Successful and sustainable weight loss is difficult, there’s no doubt about it. Those models you see in health magazines posing beside captions saying “Get a six-pack in 6 weeks” and “Secrets to getting tight and toned” work hard to get those bodies; the people coming up with the ridiculous headlines beside them are another matter.
By now you’ve probably heard the old saying that losing weight is “20% exercise and 80% nutrition” or some variation. Without getting into a debate about exact percentages one thing all good coaches can agree on is that nutrition is very important. It’s also one of the hardest things for people to stick to and get right.
These days, in our wonderfully technology filled culture, there are thousands of apps, doodads, gizmos, and systems trying to get your attention (and money). Each one explaining how they’re better than the last and how much easier they are to use. It’s all bullshit. In order to keep your nutrition on point you need exactly two tools; a digital food scale and a food log.
What happens when one of the best coaches out there decides he wants to make other trainers and coaches better? Well, in most cases he probably puts on a seminar that costs thousands of dollars to attend and you still have to pay to get there. I mean, if I had the knowledge Eric Cressey does that’s how I’d do it.
But noooooo. Instead of doing that, he went ahead and created the High Performance Handbook. This is not your normal handbook though. This handbook was written by a man who has an amazing ability to explain things in a way that almost anyone can understand (meaning you don’t need a science degree).
The goal of High Performance Handbook is to teach you how to create your own programs. If you want to lose weight, build muscle, become a coach, become a better coach, you need this.
Go get your copy of High Performance Handbook now!
Someone pointed me to an article in the Washington Post about reducing the calories in rice by adding coconut oil before cooking and immediately cooling the rice afterwards. It turns out doing this changes the chemicals in the rice creating the reduction in calories.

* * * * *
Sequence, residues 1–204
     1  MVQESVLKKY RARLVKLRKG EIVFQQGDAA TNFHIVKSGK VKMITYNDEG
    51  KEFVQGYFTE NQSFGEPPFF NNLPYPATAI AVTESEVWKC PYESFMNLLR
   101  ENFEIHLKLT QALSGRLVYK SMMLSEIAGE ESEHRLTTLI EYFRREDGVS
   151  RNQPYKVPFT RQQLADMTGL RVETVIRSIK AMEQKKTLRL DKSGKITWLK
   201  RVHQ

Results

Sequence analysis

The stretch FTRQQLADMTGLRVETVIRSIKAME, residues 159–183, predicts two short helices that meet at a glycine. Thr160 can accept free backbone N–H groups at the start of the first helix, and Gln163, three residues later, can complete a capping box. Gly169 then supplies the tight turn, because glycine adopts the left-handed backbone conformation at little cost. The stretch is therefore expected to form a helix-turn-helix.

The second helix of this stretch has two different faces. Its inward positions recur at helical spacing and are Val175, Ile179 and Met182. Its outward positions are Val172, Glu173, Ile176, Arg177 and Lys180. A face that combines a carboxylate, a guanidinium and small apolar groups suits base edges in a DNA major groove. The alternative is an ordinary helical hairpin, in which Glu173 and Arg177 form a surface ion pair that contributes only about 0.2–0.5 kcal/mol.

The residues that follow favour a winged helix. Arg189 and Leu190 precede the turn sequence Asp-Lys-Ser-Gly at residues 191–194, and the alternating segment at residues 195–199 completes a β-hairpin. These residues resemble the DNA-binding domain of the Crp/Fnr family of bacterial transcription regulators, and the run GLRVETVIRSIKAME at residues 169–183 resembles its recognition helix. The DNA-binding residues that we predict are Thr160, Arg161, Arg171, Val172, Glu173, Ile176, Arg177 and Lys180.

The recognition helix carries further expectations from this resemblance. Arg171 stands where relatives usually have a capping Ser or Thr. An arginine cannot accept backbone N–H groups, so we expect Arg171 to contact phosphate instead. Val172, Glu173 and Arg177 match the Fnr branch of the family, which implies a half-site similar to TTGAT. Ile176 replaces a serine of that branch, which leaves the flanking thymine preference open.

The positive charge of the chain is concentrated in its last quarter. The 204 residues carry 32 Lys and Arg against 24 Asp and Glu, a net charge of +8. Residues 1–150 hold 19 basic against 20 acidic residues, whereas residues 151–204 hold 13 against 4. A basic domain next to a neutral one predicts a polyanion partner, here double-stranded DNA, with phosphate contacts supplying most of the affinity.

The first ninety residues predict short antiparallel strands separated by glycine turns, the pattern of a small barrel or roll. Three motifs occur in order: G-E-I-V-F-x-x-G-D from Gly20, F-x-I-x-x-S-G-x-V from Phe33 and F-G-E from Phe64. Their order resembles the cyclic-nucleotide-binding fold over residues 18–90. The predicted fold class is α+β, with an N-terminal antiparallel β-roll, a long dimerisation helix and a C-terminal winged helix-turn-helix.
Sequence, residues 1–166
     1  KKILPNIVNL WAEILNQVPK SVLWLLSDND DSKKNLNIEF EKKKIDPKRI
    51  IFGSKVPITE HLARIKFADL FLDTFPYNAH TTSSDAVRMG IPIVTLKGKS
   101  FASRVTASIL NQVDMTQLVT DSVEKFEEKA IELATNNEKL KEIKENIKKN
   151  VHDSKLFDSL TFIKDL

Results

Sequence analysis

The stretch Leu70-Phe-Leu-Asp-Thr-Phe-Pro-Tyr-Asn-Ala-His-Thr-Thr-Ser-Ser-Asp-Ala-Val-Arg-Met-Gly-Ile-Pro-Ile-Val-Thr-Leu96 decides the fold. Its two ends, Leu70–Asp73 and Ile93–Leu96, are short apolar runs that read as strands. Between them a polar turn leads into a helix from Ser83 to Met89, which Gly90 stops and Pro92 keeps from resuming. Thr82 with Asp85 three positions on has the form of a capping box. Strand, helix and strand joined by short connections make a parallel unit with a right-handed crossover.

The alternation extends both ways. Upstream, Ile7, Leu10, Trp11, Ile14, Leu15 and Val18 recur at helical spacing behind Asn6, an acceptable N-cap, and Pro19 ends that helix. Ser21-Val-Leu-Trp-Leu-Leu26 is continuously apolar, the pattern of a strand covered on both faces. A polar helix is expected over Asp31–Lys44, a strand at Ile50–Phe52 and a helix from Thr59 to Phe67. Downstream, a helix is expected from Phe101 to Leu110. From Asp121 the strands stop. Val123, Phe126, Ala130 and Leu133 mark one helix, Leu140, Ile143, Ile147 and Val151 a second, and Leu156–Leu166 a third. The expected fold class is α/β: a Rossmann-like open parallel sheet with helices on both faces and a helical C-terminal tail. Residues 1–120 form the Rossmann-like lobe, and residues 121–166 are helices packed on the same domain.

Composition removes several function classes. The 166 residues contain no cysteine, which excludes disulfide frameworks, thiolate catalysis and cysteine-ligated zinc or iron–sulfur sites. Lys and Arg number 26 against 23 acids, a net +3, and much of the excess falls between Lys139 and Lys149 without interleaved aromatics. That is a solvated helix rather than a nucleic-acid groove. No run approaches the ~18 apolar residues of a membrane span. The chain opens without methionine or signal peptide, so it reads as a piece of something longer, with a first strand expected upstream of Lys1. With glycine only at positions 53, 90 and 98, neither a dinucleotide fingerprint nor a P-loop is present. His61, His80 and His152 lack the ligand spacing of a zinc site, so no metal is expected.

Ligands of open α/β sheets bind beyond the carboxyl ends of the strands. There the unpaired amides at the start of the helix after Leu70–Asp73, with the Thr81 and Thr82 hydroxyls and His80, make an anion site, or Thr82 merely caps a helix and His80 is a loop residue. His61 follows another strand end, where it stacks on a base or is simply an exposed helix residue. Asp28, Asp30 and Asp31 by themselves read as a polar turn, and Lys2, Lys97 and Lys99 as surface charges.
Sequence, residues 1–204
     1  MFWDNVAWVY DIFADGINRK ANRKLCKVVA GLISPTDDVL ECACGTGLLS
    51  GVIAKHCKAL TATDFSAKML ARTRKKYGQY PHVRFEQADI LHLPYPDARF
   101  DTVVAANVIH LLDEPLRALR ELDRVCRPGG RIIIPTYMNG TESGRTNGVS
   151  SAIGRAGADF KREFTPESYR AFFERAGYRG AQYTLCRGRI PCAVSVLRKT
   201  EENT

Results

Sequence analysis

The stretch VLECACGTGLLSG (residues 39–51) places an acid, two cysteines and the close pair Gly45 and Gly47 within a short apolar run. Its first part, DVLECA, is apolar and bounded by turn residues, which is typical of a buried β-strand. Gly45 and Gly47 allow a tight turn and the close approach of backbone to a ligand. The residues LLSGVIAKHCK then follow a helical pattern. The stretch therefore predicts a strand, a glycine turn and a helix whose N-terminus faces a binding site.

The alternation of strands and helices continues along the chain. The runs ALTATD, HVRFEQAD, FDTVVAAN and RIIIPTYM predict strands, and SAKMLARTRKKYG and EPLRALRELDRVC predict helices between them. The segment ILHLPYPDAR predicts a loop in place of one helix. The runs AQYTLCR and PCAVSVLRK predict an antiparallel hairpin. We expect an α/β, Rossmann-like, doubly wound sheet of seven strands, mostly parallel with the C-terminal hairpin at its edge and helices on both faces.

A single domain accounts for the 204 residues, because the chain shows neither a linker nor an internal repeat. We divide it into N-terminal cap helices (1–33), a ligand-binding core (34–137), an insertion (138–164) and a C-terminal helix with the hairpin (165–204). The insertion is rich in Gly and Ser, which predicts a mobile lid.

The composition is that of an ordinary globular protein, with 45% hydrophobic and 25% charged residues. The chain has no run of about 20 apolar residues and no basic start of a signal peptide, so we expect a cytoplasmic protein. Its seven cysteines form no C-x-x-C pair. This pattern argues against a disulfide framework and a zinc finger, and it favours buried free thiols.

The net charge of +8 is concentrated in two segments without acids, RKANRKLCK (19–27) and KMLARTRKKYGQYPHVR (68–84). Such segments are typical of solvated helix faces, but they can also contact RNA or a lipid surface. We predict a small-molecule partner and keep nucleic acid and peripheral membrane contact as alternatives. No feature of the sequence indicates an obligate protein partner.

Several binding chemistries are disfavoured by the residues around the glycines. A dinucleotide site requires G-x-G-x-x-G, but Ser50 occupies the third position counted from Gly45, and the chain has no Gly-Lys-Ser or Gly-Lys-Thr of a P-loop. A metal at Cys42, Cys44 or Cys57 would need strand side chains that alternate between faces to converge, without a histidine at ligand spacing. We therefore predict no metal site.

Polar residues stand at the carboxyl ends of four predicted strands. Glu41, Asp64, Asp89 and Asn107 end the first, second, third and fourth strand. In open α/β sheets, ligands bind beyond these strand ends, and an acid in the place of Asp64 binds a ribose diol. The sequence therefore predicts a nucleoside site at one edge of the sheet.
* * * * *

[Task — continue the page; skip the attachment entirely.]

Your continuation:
What the article doesn’t tell you is exactly how the rice is changed or how the macronutrients are affected. Until that information comes out I’m skeptical and wouldn’t recommend it.
Last night I gave the Quest Mozza Stick recipe a try. They tasted pretty good and were simple enough to make with a small set of ingredients. That said, I learned a few things and will be making a few changes next time I decide to cook them.
A while back I stumbled on a website called Trash is for Tossers. At first I thought I’d read a post or two to see what it was all about. An hour later I woke from my dazed state to realize I had read through a good majority of her entire archive and had at least a dozen tabs open including links to products she wrote about. Very few sites have been able to capture my attention like that.
I’m going to start this of by saying yes, I am a Beachbody Coach. Before you go running off thinking this article is going to be another “Shakeology saved my life!” article let me assure you that is not the case. I’ve been a coach for several years but in that time I’ve learned a lot about fitness, nutrition, and a little bit about people. As I’ve mentioned before, I am here to give you honest, common sense information.
You’ve all heard the term before and in all likelihood you’ve probably been told what they do to your body (read: make you fat) and how your life should be ruled by counting them. But what exactly is a calorie? More so, is what the TV and magazine doctors tell you accurate? The short answer is no.
It’s hard to not get sucked into the world of supplements in this day and age. Every day there’s a new wonder drug extolling its virtues and professing how efficient it is at burning fat or increasing muscle mass. There is so much marketing speak on supplements now that even a trip to the local GNC or health food store will make you dizzy reading labels.
In all honesty, the average person looking to lose weight or increase muscle mass doesn’t need supplementation (aside from a daily vitamin maybe). Earning a science degree (or doing enough research to get an honorary one) to understand what supplements are the best for what purpose and which product has the correct mix for your body isn’t worth it.